Analysts believe the threat of borrowers defaulting is increasing for reasons other than unwillingness to repay the debts. Source: Sergey Kuksin / RG
The Central Bank of Russia intends to amend the legislation on consumer lending. The regulator’s anxiety is justified: Consumer loans have almost doubled in volume over the past two years to 8.8 trillion rubles (as of July 2013), which is roughly equivalent to $266 billion. According to the Central Bank, the retail lending market expanded by 39.4 percent last year alone.
Not long ago, Russians were astonished at how Americans live in perpetual debt. Today, it is hard to find a Russian who lives in a large metropolitan area and has not borrowed from a bank at least once. Russians are not deterred even by sky-high APRs, which often exceed 20 percent.
According to credit bureaus, there are around 34 million retail borrowers in Russia — just under half of its economically active population. That number is as high as 100 percent in some regions.
Banks, in turn, are sparing no efforts to woo customers; for instance, they partner with retail chains to offer loans under slogans such as “zero percent overpayment.” Bank clerks also cold-call salary card holders, touting preferential loan terms that are allegedly tailored to meet their specific needs.
The problem has become rather acute, with many borrowers in arrears. According to the Central Bank, the portfolios of Russian commercial banks contain problem retail loans — those overdue for more than 90 days — worth 426.6 billion rubles (around $12.9 billion). Not only that, but such loans have grown year-to-date at double the rate of all of 2012.
According to a study by Svyaznoy Bank based on National Bureau of Credit History and Equifax data, the share of borrowers with five or more loans rose in 2012 from 6 percent to 19 percent.
The total debt amount for such borrowers exceeded 500,000 rubles (around $15,000) — double Russia’s average per-capita income in 2012.
Analysts believe the threat of borrowers defaulting is increasing for reasons other than unwillingness to repay the debts. In fact, many take out fresh loans to repay existing ones. According to Garegin Tosunyan, president of the Association of Russian Banks, the fact that the household income growth is trailing the growth in loans is disconcerting.
“Certain parallels could be drawn with subprime loans in the United States: Borrowers could not always realistically assess their ability to repay and service their debts, while banks operating in a highly competitive market environment were forced to relax lending standards to issue more loans,” Dmitry Gritskevich, a portfolio manager at Promsvyazbank’s Investment Department, said.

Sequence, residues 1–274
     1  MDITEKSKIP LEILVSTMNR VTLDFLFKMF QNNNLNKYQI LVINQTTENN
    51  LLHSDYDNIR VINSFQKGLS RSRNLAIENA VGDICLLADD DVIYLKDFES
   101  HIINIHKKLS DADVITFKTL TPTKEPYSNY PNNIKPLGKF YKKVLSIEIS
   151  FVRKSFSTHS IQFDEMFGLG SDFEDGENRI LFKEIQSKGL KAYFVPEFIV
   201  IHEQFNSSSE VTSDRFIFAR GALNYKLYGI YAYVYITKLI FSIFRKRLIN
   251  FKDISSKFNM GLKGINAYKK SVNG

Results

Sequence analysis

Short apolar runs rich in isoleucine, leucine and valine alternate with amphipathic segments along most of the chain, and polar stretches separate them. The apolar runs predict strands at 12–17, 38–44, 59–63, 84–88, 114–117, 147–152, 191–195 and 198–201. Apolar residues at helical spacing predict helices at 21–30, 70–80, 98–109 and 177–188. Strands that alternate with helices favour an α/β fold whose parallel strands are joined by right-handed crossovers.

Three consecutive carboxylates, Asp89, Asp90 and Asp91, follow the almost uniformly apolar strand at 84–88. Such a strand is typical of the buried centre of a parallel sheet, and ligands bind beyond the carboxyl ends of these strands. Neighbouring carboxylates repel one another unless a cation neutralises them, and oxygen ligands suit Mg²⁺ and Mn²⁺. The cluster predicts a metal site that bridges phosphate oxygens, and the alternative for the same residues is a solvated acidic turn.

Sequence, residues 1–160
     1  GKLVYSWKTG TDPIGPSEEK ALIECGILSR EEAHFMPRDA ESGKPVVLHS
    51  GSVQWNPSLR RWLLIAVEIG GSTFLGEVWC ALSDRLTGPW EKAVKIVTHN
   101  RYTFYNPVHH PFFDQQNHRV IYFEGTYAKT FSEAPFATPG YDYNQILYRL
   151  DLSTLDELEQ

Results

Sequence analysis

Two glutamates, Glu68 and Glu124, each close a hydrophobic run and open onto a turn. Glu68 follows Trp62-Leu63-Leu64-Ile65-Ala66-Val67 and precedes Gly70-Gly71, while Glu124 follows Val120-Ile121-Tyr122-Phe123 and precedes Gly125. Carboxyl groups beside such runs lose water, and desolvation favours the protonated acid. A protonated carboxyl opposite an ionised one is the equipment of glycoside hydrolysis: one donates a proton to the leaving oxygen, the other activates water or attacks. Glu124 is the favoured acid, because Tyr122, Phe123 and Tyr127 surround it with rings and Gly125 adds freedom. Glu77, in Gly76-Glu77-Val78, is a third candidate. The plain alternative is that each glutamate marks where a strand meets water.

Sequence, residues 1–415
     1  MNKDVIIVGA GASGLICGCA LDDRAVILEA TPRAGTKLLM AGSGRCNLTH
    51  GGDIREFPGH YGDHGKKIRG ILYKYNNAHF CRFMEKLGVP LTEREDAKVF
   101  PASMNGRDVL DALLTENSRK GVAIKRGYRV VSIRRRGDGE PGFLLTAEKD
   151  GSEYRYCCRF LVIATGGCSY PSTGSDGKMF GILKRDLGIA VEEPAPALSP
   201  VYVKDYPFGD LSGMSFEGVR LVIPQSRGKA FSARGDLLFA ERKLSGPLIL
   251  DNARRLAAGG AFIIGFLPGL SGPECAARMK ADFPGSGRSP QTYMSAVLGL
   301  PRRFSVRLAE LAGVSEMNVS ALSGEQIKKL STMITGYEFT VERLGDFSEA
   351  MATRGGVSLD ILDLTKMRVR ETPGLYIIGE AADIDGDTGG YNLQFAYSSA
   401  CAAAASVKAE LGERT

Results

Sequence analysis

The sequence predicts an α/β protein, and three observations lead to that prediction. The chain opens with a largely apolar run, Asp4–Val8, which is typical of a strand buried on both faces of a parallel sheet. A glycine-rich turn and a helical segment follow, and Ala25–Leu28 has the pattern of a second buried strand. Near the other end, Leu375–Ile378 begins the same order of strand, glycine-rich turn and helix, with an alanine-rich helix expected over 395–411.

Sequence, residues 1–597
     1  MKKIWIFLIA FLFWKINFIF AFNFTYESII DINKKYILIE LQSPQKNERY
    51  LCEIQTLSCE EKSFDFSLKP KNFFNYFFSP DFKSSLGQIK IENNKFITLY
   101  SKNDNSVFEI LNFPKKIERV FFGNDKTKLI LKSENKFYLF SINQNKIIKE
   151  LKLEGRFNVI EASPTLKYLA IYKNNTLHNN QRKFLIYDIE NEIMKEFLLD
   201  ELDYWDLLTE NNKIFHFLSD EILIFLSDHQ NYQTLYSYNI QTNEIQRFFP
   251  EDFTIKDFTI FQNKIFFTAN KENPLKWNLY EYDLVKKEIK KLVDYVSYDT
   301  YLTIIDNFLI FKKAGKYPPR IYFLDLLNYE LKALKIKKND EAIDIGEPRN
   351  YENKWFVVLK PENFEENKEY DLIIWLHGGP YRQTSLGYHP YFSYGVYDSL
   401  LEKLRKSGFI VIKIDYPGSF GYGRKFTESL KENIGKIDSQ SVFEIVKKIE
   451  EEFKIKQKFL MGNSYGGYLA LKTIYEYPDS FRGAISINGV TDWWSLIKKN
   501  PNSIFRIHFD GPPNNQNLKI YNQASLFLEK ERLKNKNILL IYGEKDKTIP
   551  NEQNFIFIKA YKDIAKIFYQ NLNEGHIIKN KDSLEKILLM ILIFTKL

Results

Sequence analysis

The Central Bank’s Financial Stability Department director, Vladimir Chistyukhin, announced in late July that, in order to avoid borrower defaults, the regulator was planning to limit the full value of consumer loans, as well as the maximum share of borrowers’ income to be spent on loan servicing.
The Central Bank is also contemplating a stricter version of the approach based on debt-to-income ratio (DTI) — one that would prohibit banks from lending to customers with DTIs exceeding a certain threshold.
A softer approach would allow banks to lend to customers with elevated DTIs, but it would also introduce stricter standards for compliance with risk ratios and reserve requirements.
Going forward, analysts believe the consumer lending market will be growing at a slower pace. They also believe the Central Bank’s plans are quite reasonable.
“People had to postpone buying things during the crisis and then rushed to make up for it in 2011 and 2012. This effect has now run its course. Despite decent employment and household income numbers, Russia’s retail is slowing down. Accordingly, demand for consumer loans is weakening. The portfolio will grow by around 25–30 percent in 2013,” said Home Credit Bank analyst Stanislav Duzhinsky.
“The Central Bank, as the regulator, and commercial banks have started acting preventively, which should bring down the growth rates of consumer lending. For example, major consumer lenders have already been tightening their credit policies and scoring standards, approving fewer and fewer applications while improving the efficiency of collecting arrears. Smaller banks that maintain aggressive lending practices in a highly competitive retail lending segment could end up being vulnerable,” Gritskevich said.
The portfolio manager added that the Central Bank would simply legislate restrictions that many banks have been implementing on their own. According to Tosunyan, the Central Bank’s planned lending caps are a reasonable economic mechanism, designed to limit the appetites of borrowers and banks alike.
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